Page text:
e met up with Laura Godfrey, the pastry chef at Arcadia Farms in mid-afternoon, a relatively calm time in the bakeshop, after a bustling morning of production. Laura moved from Flagstaff to Phoenix to attend culinary school. Her perfectionist traits define the beautiful pastries she so carefully creates for Arcadia' customers.
What was your path to heading Arcadia Farms' esteemed bakeshop?
I never really found my niche in high school. I struggled with classes until I took a baking/culinary program. We operated a restaurant as part of the program. My instructor opened my eyes to the possibilities of a career in baking. I enjoyed what I did in class so much; I would go home and bake. I had found something that I excelled at. I competed in the C-CAP events, and took a Gold medal, winning a small scholarship to culinary school.
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I came to Phoenix, from Flagstaff, and attended Scottsdale Culinary Institute. I love to make people happy with dessert. I love the creativity and the joy that comes from eating a treat. After graduating from SCI in '03, I went to work at Roaring Fork and then Ganache This.
What inspires you in the bakeshop?
I am definitely inspired by the clientele and their expectations at Arcadia Farms. The ladies who lunch, the special occasions celebrated, our clientele wants a little splurge. Our desserts are dainty, mini, bite size, so there is always room for dessert.
My family, and my husband give me a lot of encouragement. My husband believes in me, wants me to do well. We have a 19- month old daughter. I am excited about the holiday cookie baking and making gingerbread houses with my family.
I get inspired by unusual ingredients, unusual fruits. I look at food and wonder-how can I use this ingredient? How can I incorporate it into a dessert? Can it be used as a garnish? And chocolate, who doesn't like chocolate in dessert?
What is you food style or food attitude?
Using local ingredients, and food that is fun. I look for balance in flavors, I want my desserts to have clean, interesting flavor. I am aiming for perfection on the plate; I like clean, elegant lines, especially in the structure of cake.
I enjoy bringing together all the components of dessert on a plate to create beauty: the dessert itself, the garnish and the sauce. I learned from Chefs Robert McGrath and Patrick Boll the importance of fine tuning and perfecting a dish. How important it is to be precise, and to keep experimenting with a recipe, the balance of flavor from ingredients, to create something memorable. My passion is cake decorating. If I had a bakery business it would specialize in cakes and wedding cakes.
Are there other chefs who have influenced your work?
I met Tracy Dempsey while working at Arcadia Farms. When you are a pastry chef, the work can be very isolating, usually you work in a space separated from the rest of the kitchen, you come in earlier than the rest of the kitchen staff, and you leave earlier. Tracy is someone I work through ideas with and bounce ideas off of. She pushes me to stretch and gives me confidence to follow through with my ideas.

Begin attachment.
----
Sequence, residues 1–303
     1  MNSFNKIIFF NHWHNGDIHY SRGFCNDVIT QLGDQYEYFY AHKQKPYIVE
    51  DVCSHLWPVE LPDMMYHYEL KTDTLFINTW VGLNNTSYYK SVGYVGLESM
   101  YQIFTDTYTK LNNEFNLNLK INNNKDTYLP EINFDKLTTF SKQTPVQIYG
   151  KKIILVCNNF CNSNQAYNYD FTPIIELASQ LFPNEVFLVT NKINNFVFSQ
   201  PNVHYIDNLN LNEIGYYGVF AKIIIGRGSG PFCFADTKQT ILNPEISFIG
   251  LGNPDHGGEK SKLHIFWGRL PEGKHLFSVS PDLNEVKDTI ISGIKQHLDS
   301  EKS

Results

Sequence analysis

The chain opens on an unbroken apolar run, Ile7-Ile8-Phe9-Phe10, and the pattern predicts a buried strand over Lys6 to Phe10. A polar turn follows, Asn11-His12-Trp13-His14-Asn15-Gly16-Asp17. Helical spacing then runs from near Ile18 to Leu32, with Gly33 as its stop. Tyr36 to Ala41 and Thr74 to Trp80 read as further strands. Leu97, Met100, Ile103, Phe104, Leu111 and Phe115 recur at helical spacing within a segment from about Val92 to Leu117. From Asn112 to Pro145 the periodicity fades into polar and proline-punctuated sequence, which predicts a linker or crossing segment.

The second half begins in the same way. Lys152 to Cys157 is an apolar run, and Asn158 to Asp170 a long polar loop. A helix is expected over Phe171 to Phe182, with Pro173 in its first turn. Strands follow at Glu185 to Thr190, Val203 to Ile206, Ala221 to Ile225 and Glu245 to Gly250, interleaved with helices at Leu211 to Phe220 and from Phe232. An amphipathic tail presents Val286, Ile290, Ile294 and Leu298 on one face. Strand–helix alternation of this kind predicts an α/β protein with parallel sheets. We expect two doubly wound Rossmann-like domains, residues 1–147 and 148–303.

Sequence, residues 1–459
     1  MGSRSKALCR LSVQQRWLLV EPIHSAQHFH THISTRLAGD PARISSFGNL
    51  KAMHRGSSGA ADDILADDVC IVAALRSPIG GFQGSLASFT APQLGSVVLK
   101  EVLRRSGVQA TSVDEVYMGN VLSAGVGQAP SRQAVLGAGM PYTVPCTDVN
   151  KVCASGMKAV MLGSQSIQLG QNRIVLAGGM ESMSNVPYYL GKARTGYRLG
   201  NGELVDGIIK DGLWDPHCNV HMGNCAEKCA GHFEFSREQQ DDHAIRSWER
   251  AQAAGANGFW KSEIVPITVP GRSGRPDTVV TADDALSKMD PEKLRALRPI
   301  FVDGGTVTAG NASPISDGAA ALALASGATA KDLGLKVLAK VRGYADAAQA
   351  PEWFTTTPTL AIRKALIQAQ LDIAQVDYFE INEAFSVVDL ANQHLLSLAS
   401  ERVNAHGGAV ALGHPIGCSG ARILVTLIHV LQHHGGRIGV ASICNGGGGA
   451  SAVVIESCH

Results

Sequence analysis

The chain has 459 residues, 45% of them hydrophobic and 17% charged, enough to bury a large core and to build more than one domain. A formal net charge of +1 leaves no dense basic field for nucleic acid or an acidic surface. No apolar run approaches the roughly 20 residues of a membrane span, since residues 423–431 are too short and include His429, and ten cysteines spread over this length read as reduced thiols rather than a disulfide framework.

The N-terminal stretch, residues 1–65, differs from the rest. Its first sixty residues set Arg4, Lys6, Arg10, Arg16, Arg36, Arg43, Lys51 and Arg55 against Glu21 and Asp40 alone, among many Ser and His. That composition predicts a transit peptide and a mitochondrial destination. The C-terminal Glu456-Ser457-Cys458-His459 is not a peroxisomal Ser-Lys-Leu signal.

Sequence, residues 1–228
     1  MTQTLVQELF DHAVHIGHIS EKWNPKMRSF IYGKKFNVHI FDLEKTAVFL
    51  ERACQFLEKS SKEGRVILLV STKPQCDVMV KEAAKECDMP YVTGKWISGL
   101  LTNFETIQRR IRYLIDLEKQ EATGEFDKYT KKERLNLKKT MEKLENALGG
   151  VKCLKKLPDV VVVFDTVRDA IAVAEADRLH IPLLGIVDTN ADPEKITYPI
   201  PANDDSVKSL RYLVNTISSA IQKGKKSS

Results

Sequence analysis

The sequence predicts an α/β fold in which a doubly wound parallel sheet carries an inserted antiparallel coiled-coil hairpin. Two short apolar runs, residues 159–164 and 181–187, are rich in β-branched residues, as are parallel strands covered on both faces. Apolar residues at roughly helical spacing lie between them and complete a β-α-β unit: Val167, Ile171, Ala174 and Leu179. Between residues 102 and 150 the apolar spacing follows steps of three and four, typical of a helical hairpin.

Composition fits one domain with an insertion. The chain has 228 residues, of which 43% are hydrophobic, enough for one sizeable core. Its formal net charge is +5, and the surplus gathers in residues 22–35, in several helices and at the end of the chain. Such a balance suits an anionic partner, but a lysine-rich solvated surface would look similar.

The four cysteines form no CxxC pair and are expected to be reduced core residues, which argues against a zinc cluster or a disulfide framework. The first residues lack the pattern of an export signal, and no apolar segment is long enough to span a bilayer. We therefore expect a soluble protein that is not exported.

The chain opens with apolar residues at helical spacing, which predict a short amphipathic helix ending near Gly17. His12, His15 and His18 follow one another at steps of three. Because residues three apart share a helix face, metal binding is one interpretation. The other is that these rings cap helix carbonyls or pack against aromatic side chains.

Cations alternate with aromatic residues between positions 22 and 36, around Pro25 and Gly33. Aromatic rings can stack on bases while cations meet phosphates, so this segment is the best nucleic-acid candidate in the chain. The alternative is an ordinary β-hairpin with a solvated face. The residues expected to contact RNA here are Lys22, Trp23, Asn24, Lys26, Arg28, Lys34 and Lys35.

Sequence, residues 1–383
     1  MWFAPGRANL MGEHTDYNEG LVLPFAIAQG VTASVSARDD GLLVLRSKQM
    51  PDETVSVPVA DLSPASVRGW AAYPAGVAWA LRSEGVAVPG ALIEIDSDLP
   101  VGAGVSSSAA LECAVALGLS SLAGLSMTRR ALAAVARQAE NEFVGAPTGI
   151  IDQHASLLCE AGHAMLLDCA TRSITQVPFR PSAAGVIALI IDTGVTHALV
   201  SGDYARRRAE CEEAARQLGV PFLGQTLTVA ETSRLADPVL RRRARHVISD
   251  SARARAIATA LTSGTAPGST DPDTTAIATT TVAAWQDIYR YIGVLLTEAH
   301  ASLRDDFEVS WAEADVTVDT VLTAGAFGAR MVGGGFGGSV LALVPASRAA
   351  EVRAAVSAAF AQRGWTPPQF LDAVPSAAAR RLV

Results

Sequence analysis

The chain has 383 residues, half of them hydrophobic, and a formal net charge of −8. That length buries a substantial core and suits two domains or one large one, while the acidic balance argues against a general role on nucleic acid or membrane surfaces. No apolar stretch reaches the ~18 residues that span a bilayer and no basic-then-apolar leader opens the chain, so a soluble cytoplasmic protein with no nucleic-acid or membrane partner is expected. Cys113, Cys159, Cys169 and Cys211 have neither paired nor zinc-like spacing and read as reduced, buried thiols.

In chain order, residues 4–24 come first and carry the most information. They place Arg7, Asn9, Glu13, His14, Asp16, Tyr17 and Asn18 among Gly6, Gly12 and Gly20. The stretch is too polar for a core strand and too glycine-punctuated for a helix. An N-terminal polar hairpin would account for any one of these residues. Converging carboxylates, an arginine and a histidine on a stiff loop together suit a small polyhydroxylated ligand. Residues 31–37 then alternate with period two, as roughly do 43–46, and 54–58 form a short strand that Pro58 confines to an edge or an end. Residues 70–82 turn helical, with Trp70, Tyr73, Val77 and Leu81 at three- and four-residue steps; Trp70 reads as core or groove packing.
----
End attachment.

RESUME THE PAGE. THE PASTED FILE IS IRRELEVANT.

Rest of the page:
What do you do when you are not baking?
I am at home with my family. As soon as I get home, I start cooking! I do enjoy making savory dishes after baking all day. My husband is also a chef; I met him when we worked at Roaring Fork.
What do like to cook at home?
We like to grill. My daughter eats everything. My favorite meal is Chilean Sea Bass with a tomato mushroom sauce, some roasted fennel and potatoes with cream sauce. I also like to cook duck. If we have friends over we will do ribs or a spread of appetizers.
Advise to home bakers?
Learn about ingredients, how they behave with other ingredients, and how to use them to get the best results. Baking ingredients that used to be hard to get for consumers are now in all the groceries.
Authentic flavors are important, use pure extracts; they don't leave strange aftertastes like the imitations do. Use the best quality chocolates in your baking, Callebaut, Valrhona, Lindt, or Sharffenberger. For bread baking, use fresh yeast, its alive, ready to go, easier to work with, and it delivers better flavor.
Read a recipe before you begin working. So many recipes are missing ingredients or instructions. Learn baking methods and what they mean, the proper method can make the difference in texture and final outcome of a recipe. Be precise in your measurements and methods.
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Advise to aspiring pastry chefs/ bakers?
Be confident. Remember everything is possible. Learn the guidelines and rules of baking. Learn to step back and look at your work with a critical eye. My philosophy is if something doesn't work to keep tweaking. Be confident. Remember everything is possible.
Who would you like to spend a day in the kitchen with?
First would be Rachael Ray, her show is generic but she appears well rounded and down to earth. Julia Child, I love that she could make a mess, be a mess, appear to have no structure in the kitchen, and make great food. There was such realness to her, and she always is having a good time. Martha Stewart, she appears down to earth but is so focused and her work can be so intricate. She is very detailed oriented which makes her work distinguished.
If you had to pick another career what would it be?
Interior design, it requires the same visual skills I use in my work. It is hands on and creative. Just like when I work with a dessert concept, with design concepts first you sketch, you visualize how the concept would look, then you devolve its components, work it back.
Tomorrow Laura shares a recipe for Arcadia Farms' Key Lime Tart.